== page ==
Home Company News HS2 Chiltern tunnel headwall ready for tunnel boring machines

HS2 Chiltern tunnel headwall ready for tunnel boring machines

HS2 is preparing for the arrival of its first giant tunnelling machines by completing the 17-metre-high headwall and ground reinforcement at what will become the south portal of the 10-mile long Chiltern tunnel.

Led by HS2’s main works contractor Align JV – a joint venture formed of three companies: Bouygues Travaux Publics, Sir Robert McAlpine, and VolkerFitzpatrick – a specialist team spent seven months excavating more than 160,000m³ of material in order to create a level surface from which the two enormous machines will launch early next year.

Weighing in at 2,000 tonne and stretching for 170 metres – the two tunnel boring machines (TBMs) are being built by world-leading German tunnelling specialists Herrenknecht and due to arrive at the site, near to the M25, later in the year.

Alongside the excavation, a specialist team of subcontractors including Roadbridge and KV JV – formed from Keller Group plc and VSL International – also constructed a 17m high headwall through which the TBMs will break to begin their three-year long tunnel drive.

In order to reinforce the ground behind the headwall, more than 636 ‘soil nails’ – some up to 20m long – were driven into the wall and connected to the concrete lining. The nails, consisting of steel or glass fibre reinforced polymer tendons, were inserted using a specialised drilling rig in a delicate operation which can take up two hours.

This reinforcement is required to hold the ground and the surface of the wall in place as the TBMs begin to break through.

Welcoming the milestone, Mark Clapp, HS2 Ltd’s C1 Senior Project Manager said: “Once complete, HS2 will transform rail travel across the UK, offering fast, reliable and low carbon journey options for millions of people across the country. The completion of the headwall and ground reinforcement is a major step towards the start of tunnelling and delivering on that goal.

“Safety is of course our top priority. The new covid-19 processes and procedures put in place by Align ensured that we were able to keep to schedule while keeping everyone safe – and I’d like to thank the whole team for pulling together during what has been a difficult few months for the whole construction industry.”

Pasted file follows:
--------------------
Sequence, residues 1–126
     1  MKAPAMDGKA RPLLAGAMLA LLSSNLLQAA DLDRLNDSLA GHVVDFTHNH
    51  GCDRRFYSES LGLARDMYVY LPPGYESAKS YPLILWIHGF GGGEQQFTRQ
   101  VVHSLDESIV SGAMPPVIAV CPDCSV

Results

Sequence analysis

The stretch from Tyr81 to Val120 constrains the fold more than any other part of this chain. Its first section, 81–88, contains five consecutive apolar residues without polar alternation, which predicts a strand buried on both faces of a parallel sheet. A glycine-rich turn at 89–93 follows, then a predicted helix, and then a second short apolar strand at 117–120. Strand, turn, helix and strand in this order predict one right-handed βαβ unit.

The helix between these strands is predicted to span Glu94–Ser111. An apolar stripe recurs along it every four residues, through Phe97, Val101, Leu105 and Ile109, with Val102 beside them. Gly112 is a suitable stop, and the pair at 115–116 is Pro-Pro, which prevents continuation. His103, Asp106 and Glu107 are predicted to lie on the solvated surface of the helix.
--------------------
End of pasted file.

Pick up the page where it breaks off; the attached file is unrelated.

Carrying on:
Daniel Altier, the Align Project Director added: “The completion of the soil nailing is a very visual example of how we are preparing our South Portal site for the arrival of the TBMs later this year. It is now clear for all to see where the TBMs will start their journey.

This has been a great team effort by all concerned, considering the challenges caused by Covid-19, including HS2, Align and our colleagues at Roadbridge and the KVJV.”

Work on site was paused for four days at the start of the coronavirus lockdown in order to deep clean the work site and put in place new hygiene and social distancing procedures in line with government advice and industry best practice.

Once work is complete, the whole construction site will be landscaped with material excavated from the tunnels and trees planted in order to blend it in with the surrounding countryside.

Nigel Wordsworth BSc(Hons) MCIJhttp://therailengineer.com

SPECIALIST AREAS Rolling stock, mechanical equipment, project reports, executive interviews


Nigel Wordsworth graduated with an honours degree in Mechanical Engineering from Nottingham University, after which he joined the American aerospace and industrial fastener group SPS Technologies. After a short time at the research laboratories in Pennsylvania, USA, Nigel became responsible for applications engineering to industry in the UK and Western Europe. At this time he advised on various engineering projects, from Formula 1 to machine tools, including a particularly problematic area of bogie design for the HST.

A move to the power generation and offshore oil supply sector followed as Nigel became director of Entwistle-Sandiacre, a subsidiary of the Australian-owned group Aurora plc. At the same time, Nigel spent ten years as a Technical Commissioner with the RAC Motor Sports Association, responsible for drafting and enforcing technical regulations for national and international motor racing series.

Joining Rail Engineer in 2008, Nigel’s first assignment was a report on new three-dimensional mobile mapping and surveying equipment, swiftly followed by a look at vegetation control machinery. He continues to write on a variety of topics for most issues.

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